When it comes to sixth formers looking into a university’s facilities, Plymouth’s new Marine Station will be hard to beat. Located between the National Marine Aquarium and Queen Anne Battery, the £4.85 million development combines a waterfront teaching facility with a boathouse and crane, a compressor room for filling diving air cylinders, and drying rooms.
A dozen staff, among them the academic diving team, boat skippers and technical and support staff, are based at the Station. Teaching facilities include a ‘wet lab’, where up to 50 students can study samples collected from Plymouth Sound. There is also an aquarium with continuous fresh seawater, giving students a place to store samples.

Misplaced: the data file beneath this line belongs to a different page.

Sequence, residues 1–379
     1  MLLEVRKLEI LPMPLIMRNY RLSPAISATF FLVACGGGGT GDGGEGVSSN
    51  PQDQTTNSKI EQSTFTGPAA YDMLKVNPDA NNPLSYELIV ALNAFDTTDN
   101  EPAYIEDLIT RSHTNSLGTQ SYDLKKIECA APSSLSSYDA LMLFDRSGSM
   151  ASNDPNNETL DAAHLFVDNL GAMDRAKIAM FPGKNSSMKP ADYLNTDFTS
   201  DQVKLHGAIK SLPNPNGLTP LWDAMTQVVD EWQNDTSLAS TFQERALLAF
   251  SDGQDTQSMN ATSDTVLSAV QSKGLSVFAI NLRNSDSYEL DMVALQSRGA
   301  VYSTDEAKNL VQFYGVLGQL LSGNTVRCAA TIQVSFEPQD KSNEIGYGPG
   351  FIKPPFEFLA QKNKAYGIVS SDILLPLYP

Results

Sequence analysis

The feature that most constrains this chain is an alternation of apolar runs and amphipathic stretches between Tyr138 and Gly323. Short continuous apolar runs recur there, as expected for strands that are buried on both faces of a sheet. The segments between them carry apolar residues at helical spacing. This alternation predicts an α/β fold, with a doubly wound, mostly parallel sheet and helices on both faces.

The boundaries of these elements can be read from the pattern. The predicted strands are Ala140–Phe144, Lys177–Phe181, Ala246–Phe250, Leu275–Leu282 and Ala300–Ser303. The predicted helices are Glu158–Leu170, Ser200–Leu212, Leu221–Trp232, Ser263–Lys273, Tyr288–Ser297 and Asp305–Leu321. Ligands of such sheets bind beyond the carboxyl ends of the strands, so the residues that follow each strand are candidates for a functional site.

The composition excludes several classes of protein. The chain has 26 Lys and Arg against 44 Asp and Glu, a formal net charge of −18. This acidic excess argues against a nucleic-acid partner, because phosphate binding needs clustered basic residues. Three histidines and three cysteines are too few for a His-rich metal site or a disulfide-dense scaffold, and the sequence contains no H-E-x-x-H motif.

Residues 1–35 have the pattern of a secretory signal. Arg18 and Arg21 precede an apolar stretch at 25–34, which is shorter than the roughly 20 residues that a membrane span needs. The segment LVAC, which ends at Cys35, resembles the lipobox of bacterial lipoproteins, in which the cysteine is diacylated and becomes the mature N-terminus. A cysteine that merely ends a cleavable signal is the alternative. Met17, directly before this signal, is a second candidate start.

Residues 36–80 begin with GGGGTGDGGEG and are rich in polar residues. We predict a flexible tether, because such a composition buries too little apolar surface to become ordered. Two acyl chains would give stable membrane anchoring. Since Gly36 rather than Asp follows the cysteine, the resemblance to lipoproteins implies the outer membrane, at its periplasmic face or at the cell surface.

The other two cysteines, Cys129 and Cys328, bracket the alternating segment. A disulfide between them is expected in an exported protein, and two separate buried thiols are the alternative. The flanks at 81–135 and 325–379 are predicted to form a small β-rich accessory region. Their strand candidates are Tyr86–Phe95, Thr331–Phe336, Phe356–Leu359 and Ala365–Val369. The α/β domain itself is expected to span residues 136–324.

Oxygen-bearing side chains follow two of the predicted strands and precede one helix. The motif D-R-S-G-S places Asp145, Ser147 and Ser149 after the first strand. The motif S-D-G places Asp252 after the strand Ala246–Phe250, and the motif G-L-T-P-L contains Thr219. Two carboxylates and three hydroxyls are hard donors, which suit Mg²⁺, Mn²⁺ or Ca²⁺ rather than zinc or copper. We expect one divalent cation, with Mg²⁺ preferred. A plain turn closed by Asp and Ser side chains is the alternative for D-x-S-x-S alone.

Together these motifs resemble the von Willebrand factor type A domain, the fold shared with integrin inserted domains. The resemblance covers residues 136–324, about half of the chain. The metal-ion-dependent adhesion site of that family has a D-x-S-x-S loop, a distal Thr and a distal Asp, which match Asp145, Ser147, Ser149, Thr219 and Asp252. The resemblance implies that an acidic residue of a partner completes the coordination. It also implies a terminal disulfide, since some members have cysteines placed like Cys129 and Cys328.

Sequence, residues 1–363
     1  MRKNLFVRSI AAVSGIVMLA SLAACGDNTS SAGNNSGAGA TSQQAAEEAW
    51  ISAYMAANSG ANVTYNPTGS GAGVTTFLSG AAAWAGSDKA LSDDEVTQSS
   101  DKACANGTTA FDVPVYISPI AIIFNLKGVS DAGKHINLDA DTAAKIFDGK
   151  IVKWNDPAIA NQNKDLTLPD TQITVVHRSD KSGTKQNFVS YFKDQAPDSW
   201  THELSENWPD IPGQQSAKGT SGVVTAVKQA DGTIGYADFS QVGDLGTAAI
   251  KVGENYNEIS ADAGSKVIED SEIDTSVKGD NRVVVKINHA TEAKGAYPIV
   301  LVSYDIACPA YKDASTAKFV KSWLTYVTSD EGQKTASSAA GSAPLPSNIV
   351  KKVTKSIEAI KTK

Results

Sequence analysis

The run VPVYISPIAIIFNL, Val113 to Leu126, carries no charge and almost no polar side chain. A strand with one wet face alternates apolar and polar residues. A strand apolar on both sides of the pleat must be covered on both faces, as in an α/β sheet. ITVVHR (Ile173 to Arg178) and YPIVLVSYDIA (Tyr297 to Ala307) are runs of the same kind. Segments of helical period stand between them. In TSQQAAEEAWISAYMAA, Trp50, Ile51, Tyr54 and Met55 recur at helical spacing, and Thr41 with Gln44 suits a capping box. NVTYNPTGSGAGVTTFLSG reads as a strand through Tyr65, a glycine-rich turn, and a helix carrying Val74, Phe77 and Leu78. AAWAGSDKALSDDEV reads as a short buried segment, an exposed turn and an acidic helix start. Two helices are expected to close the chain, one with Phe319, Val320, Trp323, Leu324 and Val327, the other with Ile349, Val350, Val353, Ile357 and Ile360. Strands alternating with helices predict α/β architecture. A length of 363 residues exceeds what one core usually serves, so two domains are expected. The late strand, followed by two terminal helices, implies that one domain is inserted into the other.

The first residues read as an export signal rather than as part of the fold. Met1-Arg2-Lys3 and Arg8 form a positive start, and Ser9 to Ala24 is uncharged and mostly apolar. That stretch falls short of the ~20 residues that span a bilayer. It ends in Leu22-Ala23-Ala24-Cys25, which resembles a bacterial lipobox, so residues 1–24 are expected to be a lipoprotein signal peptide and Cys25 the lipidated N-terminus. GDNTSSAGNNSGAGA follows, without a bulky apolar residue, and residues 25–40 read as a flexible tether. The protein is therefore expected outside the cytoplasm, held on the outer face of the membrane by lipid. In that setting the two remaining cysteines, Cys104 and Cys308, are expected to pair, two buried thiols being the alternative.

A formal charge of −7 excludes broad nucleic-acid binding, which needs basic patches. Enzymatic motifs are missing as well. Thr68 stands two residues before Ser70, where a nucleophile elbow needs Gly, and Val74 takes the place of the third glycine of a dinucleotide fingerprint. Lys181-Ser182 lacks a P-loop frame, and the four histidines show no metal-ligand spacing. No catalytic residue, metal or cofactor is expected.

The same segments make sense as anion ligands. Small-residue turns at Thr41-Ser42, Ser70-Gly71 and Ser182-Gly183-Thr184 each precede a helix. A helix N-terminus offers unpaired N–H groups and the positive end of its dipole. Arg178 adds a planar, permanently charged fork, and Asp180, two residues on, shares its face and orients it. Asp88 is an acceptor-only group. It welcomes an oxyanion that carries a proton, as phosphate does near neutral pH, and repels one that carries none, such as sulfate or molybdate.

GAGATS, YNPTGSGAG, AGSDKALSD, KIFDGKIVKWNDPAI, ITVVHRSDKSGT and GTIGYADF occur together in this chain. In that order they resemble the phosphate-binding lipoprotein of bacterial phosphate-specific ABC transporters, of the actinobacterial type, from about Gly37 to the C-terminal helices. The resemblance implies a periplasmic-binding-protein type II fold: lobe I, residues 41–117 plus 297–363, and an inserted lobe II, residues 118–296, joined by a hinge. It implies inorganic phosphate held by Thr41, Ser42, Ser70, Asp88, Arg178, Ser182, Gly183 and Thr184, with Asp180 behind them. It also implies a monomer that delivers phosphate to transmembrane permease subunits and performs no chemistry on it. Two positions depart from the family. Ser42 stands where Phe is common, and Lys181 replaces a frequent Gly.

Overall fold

“Our students can now experience a unique dual perspective,” says marine scientist Dr Alex Nimmo-Smith. “They can go from looking at a sample under a microscope to considering where it has come from, and its relationship with its environment, with just a turn of the head. The shore-side base will enhance our work with students in the field. We’ve gone from having two small classrooms and cabins at the Diving and Marine Centre, in what might fairly be described as a ‘1950s monstrosity’, to something which simply changes the game in terms of what we can do with our students. Our new Marine Station provides us with the capacity to do a wide range of teaching and research in addition to continuing our professional diver training.”